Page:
Small plane crashes into Long Island yard; 1 dead

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Photo - Kerry Gottlieb, center, owner of the home where a small airplane crashed in her backyard that killed the pilot is hugged by friend, Jill Cherveny, right on Tuesday, June 17, 2014, in East Patchogue, N.Y. The plane crashed  in between two houses on the tree-lined working-class street, according to Brookhaven Town spokesman Kevin Molloy.  The Federal Aviation Administration said the aircraft was a single-engine Lancair Columbia with one person was on board. It was flying from Republic Airport in Farmingdale to MacArthur Airport in Islip, the agency said. (AP Photo/Kathy Kmonicek)
Kerry Gottlieb, center, owner of the home where a small airplane crashed in her backyard that killed the pilot is hugged by friend, Jill Cherveny, right on Tuesday, June 17, 2014, in East Patchogue, N.Y. The plane crashed in between two houses on the tree-lined working-class street, according to Brookhaven Town spokesman Kevin Molloy. The Federal Aviation Administration said the aircraft was a single-engine Lancair Columbia with one person was on board. It was flying from Republic Airport in Farmingdale to MacArthur Airport in Islip, the agency said. (AP Photo/Kathy Kmonicek)
New York

EAST PATCHOGUE, N.Y. (AP) — A small plane crashed into the yard of a Long Island home on Tuesday, bursting into flames and killing the only person aboard, authorities said.

A mother and infant inside the house in the community of East Patchogue were not injured, Brookhaven Town spokesman Kevin Molloy said. The house had exterior damage from a fire caused by the crash, which occurred shortly after 9 a.m.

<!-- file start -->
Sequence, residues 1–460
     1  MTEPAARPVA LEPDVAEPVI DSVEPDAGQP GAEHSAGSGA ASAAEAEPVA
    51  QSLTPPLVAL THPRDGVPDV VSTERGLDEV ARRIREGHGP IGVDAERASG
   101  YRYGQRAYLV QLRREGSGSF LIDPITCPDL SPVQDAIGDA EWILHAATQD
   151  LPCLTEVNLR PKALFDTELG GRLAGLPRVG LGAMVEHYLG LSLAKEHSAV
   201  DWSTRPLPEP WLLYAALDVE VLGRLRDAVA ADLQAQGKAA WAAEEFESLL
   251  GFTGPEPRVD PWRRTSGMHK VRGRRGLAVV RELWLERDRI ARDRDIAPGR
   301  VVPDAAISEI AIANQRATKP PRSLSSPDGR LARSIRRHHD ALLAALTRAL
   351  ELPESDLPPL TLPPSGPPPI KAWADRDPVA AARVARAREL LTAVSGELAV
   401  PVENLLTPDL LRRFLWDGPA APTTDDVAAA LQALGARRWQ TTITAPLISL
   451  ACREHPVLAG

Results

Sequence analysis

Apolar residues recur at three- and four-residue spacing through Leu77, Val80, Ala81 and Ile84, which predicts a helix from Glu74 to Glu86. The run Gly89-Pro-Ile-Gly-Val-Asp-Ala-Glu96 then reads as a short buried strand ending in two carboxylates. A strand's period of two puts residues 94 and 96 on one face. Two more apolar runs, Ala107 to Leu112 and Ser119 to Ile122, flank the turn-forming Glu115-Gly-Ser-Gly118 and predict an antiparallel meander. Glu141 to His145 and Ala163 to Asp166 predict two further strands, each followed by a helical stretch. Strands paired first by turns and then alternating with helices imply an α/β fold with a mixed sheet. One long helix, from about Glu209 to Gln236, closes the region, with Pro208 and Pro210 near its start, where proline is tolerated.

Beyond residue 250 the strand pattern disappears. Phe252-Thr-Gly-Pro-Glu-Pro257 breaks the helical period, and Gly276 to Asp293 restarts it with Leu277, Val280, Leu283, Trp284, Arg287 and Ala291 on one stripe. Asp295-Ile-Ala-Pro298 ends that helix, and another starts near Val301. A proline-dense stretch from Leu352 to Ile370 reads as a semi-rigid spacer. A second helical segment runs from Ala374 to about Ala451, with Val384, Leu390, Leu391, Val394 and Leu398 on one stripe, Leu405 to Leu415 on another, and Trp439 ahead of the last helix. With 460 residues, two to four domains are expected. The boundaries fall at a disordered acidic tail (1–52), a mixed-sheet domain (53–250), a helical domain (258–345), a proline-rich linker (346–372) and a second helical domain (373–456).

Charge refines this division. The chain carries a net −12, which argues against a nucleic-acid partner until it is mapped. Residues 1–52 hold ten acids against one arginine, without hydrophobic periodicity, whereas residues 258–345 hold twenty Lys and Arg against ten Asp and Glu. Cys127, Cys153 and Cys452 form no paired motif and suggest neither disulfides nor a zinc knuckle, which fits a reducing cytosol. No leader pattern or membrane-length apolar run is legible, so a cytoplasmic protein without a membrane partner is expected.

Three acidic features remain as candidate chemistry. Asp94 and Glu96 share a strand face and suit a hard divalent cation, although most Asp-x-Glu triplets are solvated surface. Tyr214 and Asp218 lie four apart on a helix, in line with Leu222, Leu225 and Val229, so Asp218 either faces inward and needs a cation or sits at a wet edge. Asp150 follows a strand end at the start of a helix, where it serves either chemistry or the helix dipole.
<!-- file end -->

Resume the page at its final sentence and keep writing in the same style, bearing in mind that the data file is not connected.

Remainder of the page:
"The mother heard the explosion. There was shattered glass in the baby's room. Neither was injured. She removed the baby and left the house," Molloy said.

The plane's pulverized wreckage lay scattered next to a backyard play set after the crash. Suffolk County police identified the pilot as Hanan Shoshany, 53, of Queens.

"All of a sudden I heard what sounded like a plane coming down," said a neighbor, Chad Whidman. "It was really, really loud and then there was a pause and then there was a loud boom and then another loud boom."

The accident came four days after another small plane narrowly missed a house when it crashed north of New York City, in Purchase, New York, after taking off from the Westchester County Airport. Richard Rockefeller, the great-grandson of Standard Oil co-founder John D. Rockefeller, was killed.

Molloy said the plane that crashed Tuesday landed in between two houses on the tree-lined working-class street.

Whidman said he believes the pilot was aiming for the space between the two homes to avoid hitting them.

Another neighbor, Bill Hughes, described a horrific crash scene.

"I looked and I saw the black smoke coming up. ... We all ran down there. The whole backyard was just an inferno. ... It was in flames. You couldn't get near it," he said.

"Luckily it went between both houses. The plane actually came through. You can see where it sheared the trees," said Hughes, adding that the he heard the engine "rumbling" before the plane crashed.

Detective Lt. Kevin Beyrer of the Suffolk County police said the plane was headed east but was traveling southwest when it crashed. He said the National Transportation Safety Board would have to determine why the aircraft was traveling southwest.

"It's very, very fortunate that he traveled in the path that he did," Beyrer said. "Because of that no one was hurt in any of the houses."

A two-block radius was evacuated as a precaution.

The Federal Aviation Administration said the aircraft was a single-engine Lancair Columbia. It was flying from Republic Airport in Farmingdale to MacArthur Airport in Islip, the agency said.

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